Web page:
I thought I was going to get to scout Texas Rangers catching prospect Jorge Alfaro at the 2013 All-Star Futures Game in New York back in July. He was on the roster of the World Team. Unfortunately, Alfaro had to miss that game due to a broken left hand he suffered three days after being named to the team.
At the time of the injury, Alfaro was hitting .263 with 11 home runs and 39 RBIs in 262 at-bats for Class A Hickory in the South Atlantic League.
It was a long wait, but I finally got to see Alfaro extensively in the Arizona Fall League, where he played extremely well for the Surprise Saguaros.
The Colombian-born Alfaro, who signed at the tender age of 16, played third base as well as catcher at the time he inked his pact. Alfaro is so versatile and such a good athlete that he has played first base and catcher during his career with the Rangers. But it is behind the plate where the right-handed-hitting Alfaro has the most upside.
In a system loaded with young talent, Alfaro sits atop MLB.com's list of the Rangers' Top 20 Prospects, and he is baseball's No. 4 overall catching prospect.
I have previously profiled outstanding AFL catchers Austin Hedges of the Padres and Andrew Susac of the Giants. They both hold great promise as backstops with the ability to hit. Alfaro, who won't turn 21 until June, joins them as a top defensive catching prospect who can also do damage with the bat.
If there is any room for pause regarding Alfaro, it is because of his build and frame. He is 6-foot-2, 185 pounds, but could stand to add more weight and overall strength -- especially if he plans to play in the heat and humidity of the Texas summer.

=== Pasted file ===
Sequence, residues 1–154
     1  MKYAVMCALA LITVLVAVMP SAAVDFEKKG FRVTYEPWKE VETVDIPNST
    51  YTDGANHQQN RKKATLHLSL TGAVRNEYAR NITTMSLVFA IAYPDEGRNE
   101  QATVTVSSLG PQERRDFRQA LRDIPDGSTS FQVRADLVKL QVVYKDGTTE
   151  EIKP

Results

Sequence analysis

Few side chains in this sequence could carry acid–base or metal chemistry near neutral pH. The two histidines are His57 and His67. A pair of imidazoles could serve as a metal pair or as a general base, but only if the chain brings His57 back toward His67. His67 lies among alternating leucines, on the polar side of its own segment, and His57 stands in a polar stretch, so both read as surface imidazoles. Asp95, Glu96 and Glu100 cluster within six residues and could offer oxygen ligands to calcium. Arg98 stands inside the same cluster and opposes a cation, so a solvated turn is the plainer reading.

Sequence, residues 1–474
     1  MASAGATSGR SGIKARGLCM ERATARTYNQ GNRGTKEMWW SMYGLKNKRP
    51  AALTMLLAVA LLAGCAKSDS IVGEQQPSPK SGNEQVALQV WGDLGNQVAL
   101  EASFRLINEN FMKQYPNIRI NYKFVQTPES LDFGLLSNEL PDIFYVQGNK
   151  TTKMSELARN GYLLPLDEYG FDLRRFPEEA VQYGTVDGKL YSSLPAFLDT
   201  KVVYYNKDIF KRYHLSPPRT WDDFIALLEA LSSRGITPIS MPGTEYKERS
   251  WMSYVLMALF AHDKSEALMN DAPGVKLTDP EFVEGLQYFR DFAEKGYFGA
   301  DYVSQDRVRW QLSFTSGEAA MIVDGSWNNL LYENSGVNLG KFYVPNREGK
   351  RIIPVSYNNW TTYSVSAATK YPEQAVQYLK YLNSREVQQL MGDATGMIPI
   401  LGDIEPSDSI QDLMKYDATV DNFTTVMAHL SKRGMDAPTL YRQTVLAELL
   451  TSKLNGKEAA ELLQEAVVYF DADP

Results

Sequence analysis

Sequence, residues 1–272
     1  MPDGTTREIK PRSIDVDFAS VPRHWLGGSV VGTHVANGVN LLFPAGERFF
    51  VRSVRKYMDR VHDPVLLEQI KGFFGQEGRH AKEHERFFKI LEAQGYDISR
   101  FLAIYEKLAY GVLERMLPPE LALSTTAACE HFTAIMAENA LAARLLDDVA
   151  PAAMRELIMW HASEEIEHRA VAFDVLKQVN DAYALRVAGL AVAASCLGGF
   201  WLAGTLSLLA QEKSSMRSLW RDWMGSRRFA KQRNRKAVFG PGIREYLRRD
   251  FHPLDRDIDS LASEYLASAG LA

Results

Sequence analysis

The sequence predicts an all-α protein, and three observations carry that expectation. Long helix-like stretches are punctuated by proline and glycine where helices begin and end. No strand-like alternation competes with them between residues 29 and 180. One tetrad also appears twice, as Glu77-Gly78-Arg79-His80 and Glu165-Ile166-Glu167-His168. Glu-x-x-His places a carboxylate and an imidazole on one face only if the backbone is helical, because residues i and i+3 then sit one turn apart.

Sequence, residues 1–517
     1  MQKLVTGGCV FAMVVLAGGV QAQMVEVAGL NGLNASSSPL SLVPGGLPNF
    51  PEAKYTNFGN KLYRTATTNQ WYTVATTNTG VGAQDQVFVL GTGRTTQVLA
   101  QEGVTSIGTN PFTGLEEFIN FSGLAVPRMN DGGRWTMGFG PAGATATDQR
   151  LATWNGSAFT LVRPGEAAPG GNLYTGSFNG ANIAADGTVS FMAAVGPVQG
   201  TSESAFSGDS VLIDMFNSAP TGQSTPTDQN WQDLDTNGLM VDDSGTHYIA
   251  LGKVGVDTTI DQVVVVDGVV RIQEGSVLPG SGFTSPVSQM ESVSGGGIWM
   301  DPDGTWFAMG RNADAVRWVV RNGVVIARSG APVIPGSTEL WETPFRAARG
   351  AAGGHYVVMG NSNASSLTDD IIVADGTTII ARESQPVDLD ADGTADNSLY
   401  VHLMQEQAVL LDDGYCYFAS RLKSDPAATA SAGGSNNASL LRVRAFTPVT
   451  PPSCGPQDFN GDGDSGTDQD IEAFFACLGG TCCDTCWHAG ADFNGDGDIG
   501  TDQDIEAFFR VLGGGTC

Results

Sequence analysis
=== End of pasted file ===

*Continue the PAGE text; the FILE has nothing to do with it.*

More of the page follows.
That said, Alfaro has the tools and athletic ability to become a high-average, power-hitting catcher with speed.
Alfaro's bat speed and quick hands translate well to a swing that has a slight uppercut. He gets good loft on the ball, and he profiles as a legitimate power threat who can become a middle-of-order game-changer.
Alfaro is still a bit raw and, at times, his youth shows. There are pitches he should drive that he misses and times he swings at offerings way out of the strike zone. But that's more rare than common.
In addition to his offensive skills, he has an absolute cannon for an arm. His throws have carry with accuracy. I timed Alfaro at 1.83 seconds from the time the ball hit his glove to the time the ball hit the glove of the second baseman. That should nail plenty of runners, provided his pitcher gives him a chance. Usually, anything less than 1.5 seconds from the pitcher on the mound to the catcher should be sufficient -- especially with a pop time like Alfaro has displayed.
Both Hedges and Susac were similar in their ability to throw out runners with quick releases and great carry on their throws.
Alfaro's combination of agility and cat-like quickness behind the plate allows him to easily block balls in the dirt. I didn't see him stab at balls -- a trait often prominent in younger catchers.
Alfaro's pitchers will also appreciate his abilities.
A take-charge type, Alfaro showed good leadership qualities while shepherding his pitchers through games. He showed an ability to frame pitches, moving his glove slightly and deftly to the strike zone to assist the umpire in ringing up strikes.
Alfaro will have a bit of work to do to show he can take the physical punishment an everyday catcher receives. But that should happen in time.
Alfaro's tools should come together like a symphony that becomes a sum of each individual instrument. His power, his overall hitting ability, his speed, his defense and his arm strength should mature and blend into a finely honed product with All-Star potential.
Bernie Pleskoff has served as a professional scout for the Houston Astros and Seattle Mariners. Follow @BerniePleskoff on Twitter.